Pan-African Orthodox Church (The Shrine of the Black Madonna)
Pan-African Orthodox Church (the Shrine of the Black Madonna)
The Pan-African Orthodox Church, which is more commonly known as the Shrine of the Black Madonna, was established in Detroit, Michigan, on March 26, 1967, by the Rev. Albert B. Cleage Jr., an ordained minister in the United Church of Christ. While this is the recognized date for its inception, the church actually began with a remnant of several earlier congregations. It has now grown from one congregation into a denomination.
A longtime resident of Detroit, Cleage returned home in 1951 after a rocky but productive pastorate in Spring-field, Massachusetts, to assume ministerial duties at St. Mark's Presbyterian Mission. St. Mark's was a middle-class black congregation, and although the Cleage family had long been a part of the city's black elite, Cleage was greatly disturbed by the privilege and complacency of his parishioners. Finally, in March 1953 Cleage led "a group of dissidents" out of St. Mark's, charging that the overly pious Sunday morning Christianity at the church had become intolerable.
A week later Cleage and his followers established the Central Congregational Church. For most of the next decade he and his church enjoyed a respectful honeymoon. However, problems at Central began to surface in 1964, when Cleage was informed that several members of his parish were pleased with neither his preaching nor his politics. Over the years following the exodus from St. Mark's, Cleage became increasingly involved with radical political organizations, and shortly after his appearance in November 1963 at the National Negro Grassroots Leadership Conference, tension between black nationalist and moderate members of Central came to a head.
Although the conference was held at King Solomon Baptist Church in Detroit, many of Central's parishioners did not agree with the choice of Malcolm X (a man they saw as advocating violence as a means of change) as a keynote speaker. Moreover, they felt the integral role Cleage played in organizing the meeting would somehow taint the reputation of Central. And following a May 1964 Illustrated News reprint of Cleage's black nationalist platform, unhappy members of Central appealed to the Detroit Metropolitan Association of the United Church of Christ for intervention.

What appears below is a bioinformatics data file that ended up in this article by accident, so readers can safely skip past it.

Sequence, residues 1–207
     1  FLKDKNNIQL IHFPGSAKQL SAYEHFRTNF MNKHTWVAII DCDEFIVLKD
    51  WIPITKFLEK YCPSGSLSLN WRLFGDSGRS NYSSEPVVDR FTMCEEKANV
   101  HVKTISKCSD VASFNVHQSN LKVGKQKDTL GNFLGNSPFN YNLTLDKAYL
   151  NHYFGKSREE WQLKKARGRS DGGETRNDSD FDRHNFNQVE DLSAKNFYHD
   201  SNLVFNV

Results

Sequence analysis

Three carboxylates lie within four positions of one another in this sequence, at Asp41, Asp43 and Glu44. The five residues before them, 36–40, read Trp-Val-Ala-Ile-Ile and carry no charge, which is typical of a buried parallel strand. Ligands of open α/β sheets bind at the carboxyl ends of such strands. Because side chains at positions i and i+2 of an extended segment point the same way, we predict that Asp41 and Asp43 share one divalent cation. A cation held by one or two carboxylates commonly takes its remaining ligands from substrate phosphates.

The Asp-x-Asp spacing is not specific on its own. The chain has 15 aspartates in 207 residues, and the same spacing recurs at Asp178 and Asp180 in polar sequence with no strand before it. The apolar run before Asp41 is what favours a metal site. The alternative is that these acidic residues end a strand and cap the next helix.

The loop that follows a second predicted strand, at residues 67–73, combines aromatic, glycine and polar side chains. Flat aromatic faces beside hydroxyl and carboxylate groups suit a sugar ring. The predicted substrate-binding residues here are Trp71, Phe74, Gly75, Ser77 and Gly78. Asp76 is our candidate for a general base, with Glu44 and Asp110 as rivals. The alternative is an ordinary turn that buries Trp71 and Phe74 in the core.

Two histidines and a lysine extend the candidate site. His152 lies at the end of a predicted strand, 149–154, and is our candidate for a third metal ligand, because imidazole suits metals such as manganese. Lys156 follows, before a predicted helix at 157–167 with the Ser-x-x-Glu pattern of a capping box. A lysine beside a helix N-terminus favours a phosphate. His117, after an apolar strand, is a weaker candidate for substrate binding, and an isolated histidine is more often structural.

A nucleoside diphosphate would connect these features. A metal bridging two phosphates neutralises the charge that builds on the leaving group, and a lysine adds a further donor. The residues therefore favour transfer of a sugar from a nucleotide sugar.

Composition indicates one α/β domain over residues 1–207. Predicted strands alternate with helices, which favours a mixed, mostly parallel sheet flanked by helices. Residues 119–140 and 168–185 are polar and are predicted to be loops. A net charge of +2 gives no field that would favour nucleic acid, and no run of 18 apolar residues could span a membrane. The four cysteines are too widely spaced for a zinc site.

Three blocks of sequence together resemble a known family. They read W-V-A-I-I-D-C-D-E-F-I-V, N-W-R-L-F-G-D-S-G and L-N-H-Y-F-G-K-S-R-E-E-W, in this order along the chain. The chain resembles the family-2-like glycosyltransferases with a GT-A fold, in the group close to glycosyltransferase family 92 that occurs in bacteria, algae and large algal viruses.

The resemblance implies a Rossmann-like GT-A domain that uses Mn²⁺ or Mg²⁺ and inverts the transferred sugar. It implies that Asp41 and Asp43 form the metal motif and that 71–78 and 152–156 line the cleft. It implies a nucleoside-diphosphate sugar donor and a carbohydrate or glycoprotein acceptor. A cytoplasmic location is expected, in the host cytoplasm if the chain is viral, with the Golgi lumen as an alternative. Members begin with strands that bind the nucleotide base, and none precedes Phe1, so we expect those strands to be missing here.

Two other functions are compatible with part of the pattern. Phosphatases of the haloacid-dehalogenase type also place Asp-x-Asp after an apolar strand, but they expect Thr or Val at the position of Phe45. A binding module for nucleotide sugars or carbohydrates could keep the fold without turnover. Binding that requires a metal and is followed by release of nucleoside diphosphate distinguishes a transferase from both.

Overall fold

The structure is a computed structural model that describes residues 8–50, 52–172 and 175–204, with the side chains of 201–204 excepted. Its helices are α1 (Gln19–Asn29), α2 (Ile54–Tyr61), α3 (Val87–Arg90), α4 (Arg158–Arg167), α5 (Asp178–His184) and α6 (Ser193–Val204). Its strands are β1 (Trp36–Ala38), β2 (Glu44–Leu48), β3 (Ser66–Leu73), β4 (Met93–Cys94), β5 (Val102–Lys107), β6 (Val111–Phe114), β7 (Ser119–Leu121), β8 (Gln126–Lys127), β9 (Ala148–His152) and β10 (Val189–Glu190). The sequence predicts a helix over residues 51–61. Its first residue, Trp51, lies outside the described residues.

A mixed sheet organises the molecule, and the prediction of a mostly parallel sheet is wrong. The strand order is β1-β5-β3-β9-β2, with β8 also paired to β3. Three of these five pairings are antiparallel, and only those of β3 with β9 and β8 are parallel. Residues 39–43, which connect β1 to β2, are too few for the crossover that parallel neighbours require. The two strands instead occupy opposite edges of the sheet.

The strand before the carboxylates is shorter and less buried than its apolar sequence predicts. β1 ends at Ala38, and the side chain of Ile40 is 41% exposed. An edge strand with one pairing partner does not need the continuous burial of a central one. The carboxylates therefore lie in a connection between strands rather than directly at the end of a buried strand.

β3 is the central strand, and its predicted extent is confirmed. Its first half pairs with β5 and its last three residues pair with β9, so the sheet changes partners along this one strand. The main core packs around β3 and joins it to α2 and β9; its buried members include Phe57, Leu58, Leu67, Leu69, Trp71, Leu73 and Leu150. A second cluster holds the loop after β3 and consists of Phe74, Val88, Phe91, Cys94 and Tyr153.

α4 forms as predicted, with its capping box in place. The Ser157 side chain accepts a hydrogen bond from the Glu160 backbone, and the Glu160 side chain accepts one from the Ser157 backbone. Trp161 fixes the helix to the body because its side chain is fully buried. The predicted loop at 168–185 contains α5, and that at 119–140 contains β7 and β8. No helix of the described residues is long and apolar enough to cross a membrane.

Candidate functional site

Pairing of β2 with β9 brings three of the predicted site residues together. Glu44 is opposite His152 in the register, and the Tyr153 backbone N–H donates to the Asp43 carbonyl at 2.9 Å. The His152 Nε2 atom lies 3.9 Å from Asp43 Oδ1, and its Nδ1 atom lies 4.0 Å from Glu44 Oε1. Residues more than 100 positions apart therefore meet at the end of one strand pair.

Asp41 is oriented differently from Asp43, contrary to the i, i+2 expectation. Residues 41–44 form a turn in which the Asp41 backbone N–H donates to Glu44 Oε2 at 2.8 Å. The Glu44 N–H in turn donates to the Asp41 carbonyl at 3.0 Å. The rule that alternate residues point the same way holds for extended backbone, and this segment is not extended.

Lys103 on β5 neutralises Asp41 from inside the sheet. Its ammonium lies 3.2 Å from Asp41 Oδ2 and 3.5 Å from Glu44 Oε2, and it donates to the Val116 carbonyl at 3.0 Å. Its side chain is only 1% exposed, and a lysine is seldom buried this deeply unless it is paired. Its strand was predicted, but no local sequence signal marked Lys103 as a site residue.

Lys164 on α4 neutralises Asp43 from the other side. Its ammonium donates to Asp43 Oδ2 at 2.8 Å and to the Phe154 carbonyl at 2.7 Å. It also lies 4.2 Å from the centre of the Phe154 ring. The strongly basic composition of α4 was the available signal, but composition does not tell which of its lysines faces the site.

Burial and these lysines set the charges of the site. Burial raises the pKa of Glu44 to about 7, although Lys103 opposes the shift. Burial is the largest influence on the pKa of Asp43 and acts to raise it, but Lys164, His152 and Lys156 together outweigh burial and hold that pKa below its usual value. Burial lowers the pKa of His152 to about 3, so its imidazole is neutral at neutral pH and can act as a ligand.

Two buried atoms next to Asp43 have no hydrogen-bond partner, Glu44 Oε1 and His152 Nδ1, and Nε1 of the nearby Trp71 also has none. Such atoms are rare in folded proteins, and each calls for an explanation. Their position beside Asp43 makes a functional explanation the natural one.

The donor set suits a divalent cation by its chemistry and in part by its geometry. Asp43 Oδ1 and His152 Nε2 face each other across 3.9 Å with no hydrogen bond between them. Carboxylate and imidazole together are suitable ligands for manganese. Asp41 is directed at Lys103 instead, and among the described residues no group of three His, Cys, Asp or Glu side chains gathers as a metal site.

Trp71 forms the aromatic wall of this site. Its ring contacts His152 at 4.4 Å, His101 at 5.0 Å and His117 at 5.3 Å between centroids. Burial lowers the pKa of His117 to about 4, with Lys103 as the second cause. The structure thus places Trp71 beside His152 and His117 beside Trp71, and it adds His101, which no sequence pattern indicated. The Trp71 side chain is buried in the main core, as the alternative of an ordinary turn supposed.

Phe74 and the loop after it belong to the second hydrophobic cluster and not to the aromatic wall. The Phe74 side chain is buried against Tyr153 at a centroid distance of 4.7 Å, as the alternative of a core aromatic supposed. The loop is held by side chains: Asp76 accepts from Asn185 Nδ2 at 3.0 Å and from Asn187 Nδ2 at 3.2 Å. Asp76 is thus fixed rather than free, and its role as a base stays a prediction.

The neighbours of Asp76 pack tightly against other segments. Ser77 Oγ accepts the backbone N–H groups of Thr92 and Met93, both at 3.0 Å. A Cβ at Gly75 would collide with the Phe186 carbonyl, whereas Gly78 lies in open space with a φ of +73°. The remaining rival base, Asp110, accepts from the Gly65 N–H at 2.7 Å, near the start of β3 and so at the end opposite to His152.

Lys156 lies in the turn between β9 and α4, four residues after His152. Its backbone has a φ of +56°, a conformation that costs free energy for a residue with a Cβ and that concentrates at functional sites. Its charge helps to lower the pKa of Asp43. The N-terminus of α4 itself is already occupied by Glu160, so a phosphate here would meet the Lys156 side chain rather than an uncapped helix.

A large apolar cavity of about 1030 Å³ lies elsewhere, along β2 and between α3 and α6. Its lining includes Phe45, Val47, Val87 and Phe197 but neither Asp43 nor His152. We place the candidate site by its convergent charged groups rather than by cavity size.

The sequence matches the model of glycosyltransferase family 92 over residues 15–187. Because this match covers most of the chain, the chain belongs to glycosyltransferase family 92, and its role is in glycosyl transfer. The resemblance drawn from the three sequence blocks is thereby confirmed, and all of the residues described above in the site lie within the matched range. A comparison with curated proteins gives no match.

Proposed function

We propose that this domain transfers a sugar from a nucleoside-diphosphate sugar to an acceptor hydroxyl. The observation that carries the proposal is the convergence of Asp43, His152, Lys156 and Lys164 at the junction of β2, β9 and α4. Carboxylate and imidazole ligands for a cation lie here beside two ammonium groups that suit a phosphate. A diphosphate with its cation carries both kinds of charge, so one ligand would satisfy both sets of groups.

In a special hearing of the association's church and ministry committee, a request on behalf of the dissidents (who remained anonymous, supposedly for their protection) was made that association funds for Central Church be withdrawn until Cleage's ministry was brought in line with the mission of the United Church of Christ. Indirectly, the committee was interested in finding out two things: first, whether Cleage was indeed a black nationalist; and second, if so, whether his black nationalism was Christian. Cleage refused to cooperate on the grounds that no one in his congregation had ever approached him with a complaint, and because the names of the petitioners were withheld, suggesting that the association itself might be behind the inquiry. In any event, he believed the association had no right to interfere in the internal affairs of an autonomous congregation.
In the end Cleage and those parishioners loyal to him won both the battle and the war when those opposed to the church's black nationalist leanings withdrew their membership from Central. Three years later, on March 26, 1967, Easter Sunday, a large painting of a black Virgin Mary was unveiled at the church. Subsequently, the name of the congregation was changed to the Shrine of the Black Madonna, and in 1971 the Black Christian Nationalist Movement was officially inaugurated.
Initially, Cleage envisioned the movement as an ecumenical endeavor, with each participating congregation maintaining membership in its respective denomination. To some extent, this is the case. The "Mother Shrine" in Detroit has maintained its affiliation with the United Church of Christ. The Pan-African Orthodox Church, whose name is intentionally related to the African Orthodox Church of Bishop George Alexander McGuire, has four congregations, a farm, and a publishing house.
See also African Orthodox Church
Cleage, Albert B., Jr. Black Messiah. New York: Sheed and Ward, 1968.
Cleage, Albert B., Jr. Black Christian Nationalism: New Directions for the Black Church. New York: Morrow, 1972.
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